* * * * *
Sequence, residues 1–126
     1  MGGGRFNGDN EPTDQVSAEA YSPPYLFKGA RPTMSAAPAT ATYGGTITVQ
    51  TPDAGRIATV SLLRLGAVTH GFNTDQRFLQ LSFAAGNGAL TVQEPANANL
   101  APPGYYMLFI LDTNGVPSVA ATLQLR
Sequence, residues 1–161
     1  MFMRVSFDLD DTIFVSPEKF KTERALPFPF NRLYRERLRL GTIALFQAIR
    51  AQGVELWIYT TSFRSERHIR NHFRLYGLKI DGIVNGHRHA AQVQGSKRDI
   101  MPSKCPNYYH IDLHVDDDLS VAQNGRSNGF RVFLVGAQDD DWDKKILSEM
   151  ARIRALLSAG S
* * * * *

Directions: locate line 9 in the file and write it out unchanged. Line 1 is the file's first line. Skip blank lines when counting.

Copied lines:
   151  ARIRALLSAG S